By any reasonable measure, the General Assembly gets a grade of “D” for its legislative performance — or lack thereof — over the two-year session that draws to a close at the end of this week.
In this case, “D” is for dysfunction. Why? Because members of the Legislature continue to thwart progress for the real needs of everyday South Carolina by paying too much attention to nonsense and their own political hides. Where, one can easily ask, is real leadership that seeks to push the Palmetto State into the 21st century?
Of the 204 bills ratified and sent to Gov. Nikki Haley to be signed into law over the last two years, she vetoed only four, not counting certain parts of last year’s budget. Of the remaining bills that became law, the vast majority dealt with the arcane — state armories (four); wildlife (17), such as limits on how much tarpon can be caught daily; school-related measures (20), such as snow days or changes for specific school districts; realigned voting precincts or election laws (23) and miscellaneous local legislation.
Yes, there were some successes, most notably in education as lawmakers increased 4-year-old kindergarten funding by $25 million last year and are poised to do it again this year, and infused tens of millions into a reading program for early learners. But at what cost? As in many recent years, lawmakers didn’t follow the state’s school funding formula, which requires them to appropriate about $2,800 per pupil. Instead, the proposed budget calls for $2,120 per student. Multiply that by 708,231 expected students and it’s easy to see how schools got shortchanged 10 times as much as the new funding will provide. Over the last six years, lawmakers have underfunded public K-12 education by more than $3 billion.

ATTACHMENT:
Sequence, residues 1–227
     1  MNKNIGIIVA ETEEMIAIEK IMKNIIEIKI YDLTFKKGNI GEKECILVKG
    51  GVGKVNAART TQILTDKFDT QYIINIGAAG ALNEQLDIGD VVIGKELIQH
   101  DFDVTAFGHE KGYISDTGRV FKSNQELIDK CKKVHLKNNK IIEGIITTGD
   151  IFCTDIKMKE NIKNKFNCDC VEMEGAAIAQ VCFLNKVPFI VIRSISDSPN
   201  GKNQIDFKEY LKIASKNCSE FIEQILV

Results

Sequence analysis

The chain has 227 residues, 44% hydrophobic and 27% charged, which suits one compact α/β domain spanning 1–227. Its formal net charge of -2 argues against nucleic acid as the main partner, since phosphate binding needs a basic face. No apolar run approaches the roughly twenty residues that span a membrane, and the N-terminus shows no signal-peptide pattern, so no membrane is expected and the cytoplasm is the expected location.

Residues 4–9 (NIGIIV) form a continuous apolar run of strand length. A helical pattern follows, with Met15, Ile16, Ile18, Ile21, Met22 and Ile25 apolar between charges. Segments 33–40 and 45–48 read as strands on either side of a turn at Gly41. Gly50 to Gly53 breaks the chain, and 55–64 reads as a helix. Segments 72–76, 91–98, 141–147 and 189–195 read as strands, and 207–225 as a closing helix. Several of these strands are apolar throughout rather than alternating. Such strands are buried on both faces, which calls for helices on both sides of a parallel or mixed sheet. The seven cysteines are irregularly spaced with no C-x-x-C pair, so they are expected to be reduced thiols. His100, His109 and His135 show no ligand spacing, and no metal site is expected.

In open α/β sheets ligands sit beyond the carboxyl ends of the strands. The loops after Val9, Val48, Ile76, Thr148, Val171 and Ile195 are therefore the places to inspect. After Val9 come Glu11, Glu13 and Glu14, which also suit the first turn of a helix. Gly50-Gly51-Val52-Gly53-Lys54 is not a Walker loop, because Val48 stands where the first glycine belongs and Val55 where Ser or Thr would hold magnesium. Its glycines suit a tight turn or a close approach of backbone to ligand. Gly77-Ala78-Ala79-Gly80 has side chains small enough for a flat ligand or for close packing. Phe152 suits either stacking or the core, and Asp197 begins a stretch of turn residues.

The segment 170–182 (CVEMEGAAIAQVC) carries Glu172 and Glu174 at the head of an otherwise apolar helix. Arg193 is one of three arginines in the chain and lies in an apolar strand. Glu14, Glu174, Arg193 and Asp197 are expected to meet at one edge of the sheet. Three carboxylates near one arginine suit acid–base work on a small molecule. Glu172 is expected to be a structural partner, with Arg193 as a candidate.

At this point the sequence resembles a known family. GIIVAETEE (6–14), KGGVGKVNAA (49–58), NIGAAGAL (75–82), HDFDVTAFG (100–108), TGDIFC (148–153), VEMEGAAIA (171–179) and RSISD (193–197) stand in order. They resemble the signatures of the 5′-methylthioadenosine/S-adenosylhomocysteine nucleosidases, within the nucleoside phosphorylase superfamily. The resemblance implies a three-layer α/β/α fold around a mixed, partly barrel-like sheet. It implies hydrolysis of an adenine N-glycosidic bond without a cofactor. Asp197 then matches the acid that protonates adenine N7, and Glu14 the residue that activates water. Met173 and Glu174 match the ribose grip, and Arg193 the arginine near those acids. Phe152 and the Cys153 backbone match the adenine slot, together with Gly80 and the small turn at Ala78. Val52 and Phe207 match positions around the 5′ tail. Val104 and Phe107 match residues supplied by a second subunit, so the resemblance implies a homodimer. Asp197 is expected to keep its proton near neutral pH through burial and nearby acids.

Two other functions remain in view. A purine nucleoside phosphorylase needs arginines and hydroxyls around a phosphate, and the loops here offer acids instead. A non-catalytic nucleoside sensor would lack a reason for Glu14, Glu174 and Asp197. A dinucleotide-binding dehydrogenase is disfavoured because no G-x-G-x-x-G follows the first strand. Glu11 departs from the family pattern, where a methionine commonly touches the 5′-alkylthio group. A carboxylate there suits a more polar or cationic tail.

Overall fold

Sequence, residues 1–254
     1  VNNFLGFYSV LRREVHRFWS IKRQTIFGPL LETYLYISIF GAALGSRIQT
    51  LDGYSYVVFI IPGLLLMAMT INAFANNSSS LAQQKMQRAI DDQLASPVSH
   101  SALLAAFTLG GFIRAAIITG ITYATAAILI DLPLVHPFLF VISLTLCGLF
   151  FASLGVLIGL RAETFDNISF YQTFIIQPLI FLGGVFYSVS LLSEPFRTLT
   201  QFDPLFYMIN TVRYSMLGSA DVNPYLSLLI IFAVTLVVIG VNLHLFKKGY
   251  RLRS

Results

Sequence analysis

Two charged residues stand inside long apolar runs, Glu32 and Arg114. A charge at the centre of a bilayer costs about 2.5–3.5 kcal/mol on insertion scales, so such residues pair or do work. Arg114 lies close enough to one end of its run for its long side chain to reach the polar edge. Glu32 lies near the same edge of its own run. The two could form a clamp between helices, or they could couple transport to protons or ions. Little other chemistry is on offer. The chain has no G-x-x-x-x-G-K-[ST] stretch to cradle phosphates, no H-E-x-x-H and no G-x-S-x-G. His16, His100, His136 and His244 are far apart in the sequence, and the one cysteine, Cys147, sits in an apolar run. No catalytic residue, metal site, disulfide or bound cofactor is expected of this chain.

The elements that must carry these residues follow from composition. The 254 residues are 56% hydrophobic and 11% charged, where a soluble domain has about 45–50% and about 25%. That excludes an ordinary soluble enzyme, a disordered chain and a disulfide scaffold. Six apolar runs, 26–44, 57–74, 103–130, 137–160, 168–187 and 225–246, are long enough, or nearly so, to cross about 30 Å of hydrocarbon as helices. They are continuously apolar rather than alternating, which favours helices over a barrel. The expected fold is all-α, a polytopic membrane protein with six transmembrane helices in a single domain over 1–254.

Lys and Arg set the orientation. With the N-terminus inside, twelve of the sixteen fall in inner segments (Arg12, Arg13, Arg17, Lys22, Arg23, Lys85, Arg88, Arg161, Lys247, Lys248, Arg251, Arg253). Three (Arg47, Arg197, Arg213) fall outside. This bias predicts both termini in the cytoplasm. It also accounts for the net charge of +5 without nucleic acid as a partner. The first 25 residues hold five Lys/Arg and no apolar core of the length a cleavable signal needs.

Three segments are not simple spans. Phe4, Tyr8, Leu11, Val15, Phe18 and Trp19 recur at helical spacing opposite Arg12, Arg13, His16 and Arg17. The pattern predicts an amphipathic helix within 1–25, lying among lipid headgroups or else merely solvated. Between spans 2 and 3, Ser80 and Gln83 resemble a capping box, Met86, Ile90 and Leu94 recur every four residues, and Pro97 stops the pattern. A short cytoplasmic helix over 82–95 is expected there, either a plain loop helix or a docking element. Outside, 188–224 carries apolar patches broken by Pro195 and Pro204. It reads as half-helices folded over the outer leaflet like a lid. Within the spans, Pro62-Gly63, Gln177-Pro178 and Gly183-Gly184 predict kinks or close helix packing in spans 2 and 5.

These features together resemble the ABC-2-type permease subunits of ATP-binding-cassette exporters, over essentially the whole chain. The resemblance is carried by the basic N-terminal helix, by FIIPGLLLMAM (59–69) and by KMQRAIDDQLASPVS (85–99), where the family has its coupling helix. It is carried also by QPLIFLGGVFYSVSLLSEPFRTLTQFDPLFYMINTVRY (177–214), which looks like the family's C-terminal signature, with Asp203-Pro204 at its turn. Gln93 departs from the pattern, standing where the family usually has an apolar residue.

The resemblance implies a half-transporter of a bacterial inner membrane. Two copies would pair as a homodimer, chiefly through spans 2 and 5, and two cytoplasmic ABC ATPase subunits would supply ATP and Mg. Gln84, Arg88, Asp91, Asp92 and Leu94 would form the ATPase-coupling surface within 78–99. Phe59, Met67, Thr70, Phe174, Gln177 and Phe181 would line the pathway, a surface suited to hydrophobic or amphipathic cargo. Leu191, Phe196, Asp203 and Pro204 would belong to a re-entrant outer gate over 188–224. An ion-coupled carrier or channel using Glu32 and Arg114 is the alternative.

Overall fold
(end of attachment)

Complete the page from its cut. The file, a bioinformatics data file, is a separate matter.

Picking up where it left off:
Another much-touted success was the new Department of Administration, a bill envisioned originally to give the governor more control over state agencies.
But last-minute compromises eroded the real reform of the bill into little more than a name change — kind of like rearranging the deck chairs on the Titanic.